In Brief

NCAR colloquium looks at African weather and climate

Scholars from nine nations convene

Nicole Gordon | 7 September 2011  •  A group of scholars and students from nine countries came together in Boulder this summer for two weeks of study dedicated to the world’s second largest and second most populous continent. The colloquium, “African Weather and Climate: Unique Challenges and Application of New Knowledge,” was hosted by NCAR’s Integrated Studies Program (ISP) from July 25 to August 5. It covered topics relevant to Africa as diverse as operational forecasting, numerical weather prediction, seasonal and regional climate, climate impacts, GIS, and health and disease.

Participants included 23 graduate students from the United States, Nigeria, Kenya, South Africa, Senegal, Ethiopia, Uganda, Ghana, and Nepal, and lecturers from the United States and Africa. Arlene Laing (NCAR) and Kerry Cook (University of Texas at Austin) co-chaired the colloquium, which included lectures, a poster session, hands-on exercises, and a field trip to an instrumented site in the Fourmile Canyon burn area.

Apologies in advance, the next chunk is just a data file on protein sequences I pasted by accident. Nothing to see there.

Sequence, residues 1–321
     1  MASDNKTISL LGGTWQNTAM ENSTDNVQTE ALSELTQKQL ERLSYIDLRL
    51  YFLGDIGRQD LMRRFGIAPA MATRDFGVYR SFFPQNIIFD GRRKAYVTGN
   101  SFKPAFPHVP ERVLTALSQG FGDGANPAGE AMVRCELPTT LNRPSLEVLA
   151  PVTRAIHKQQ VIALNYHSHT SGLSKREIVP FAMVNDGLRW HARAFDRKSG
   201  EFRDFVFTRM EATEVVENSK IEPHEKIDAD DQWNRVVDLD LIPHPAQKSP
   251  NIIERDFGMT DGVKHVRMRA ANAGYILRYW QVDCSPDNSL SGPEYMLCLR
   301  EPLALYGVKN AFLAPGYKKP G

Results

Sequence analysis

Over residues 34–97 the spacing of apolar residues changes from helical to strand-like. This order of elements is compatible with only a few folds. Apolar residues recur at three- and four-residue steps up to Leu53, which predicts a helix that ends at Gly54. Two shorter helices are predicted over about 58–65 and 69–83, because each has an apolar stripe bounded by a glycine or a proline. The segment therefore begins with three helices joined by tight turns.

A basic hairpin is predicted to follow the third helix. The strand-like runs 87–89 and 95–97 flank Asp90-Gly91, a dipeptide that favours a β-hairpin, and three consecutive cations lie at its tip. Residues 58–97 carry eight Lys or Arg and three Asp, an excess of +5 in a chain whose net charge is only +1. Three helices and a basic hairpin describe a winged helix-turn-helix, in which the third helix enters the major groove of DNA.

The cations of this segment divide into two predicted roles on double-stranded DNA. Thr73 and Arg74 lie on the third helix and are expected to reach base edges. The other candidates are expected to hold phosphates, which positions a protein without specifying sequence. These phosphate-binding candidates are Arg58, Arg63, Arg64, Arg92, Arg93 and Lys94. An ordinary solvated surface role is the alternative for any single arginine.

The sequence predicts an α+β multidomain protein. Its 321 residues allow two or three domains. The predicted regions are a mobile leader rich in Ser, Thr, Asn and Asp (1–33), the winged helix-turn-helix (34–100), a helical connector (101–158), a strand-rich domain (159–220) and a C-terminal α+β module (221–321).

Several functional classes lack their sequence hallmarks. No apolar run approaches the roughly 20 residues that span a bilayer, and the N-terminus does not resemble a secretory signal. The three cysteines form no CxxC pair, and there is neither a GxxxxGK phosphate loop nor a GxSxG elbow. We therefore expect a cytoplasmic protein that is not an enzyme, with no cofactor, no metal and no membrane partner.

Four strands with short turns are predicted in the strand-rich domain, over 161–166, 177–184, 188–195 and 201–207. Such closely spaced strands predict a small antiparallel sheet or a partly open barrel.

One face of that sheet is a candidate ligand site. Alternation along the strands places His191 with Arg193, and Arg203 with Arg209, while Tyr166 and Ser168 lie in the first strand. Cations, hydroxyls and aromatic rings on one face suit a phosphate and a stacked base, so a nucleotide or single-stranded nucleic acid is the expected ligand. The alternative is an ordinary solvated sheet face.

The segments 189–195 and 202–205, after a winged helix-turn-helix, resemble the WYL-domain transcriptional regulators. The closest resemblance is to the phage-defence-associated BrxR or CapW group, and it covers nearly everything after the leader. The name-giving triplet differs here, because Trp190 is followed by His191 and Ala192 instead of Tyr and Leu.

Participants in Africa weather and climate colloquium
Participants and instructors in the African weather and climate colloquium.

Establishing a community

The colloquium was the first of its kind dedicated to African weather and climate. The idea originated at an AMMA (African Monsoon Multidisciplinary Analyses) conference held two years ago. “We wanted a way for students studying Africa to come together and collaborate, and at the time there weren’t many options,” says Laing, who proposed the workshop to ISP. “Because Africa presents so many interesting challenges for both research and applications, we need to get more people involved and take a more integrative and collaborative approach.”

Christopher Skinner and Temesgen Gebremariam Asfaw
Christopher Skinner (Stanford University) and Temesgen Gebremariam Asfaw (Addis Ababa University) confer during one of the colloquium's lab exercises. (Photo courtesy Arlene Laing.)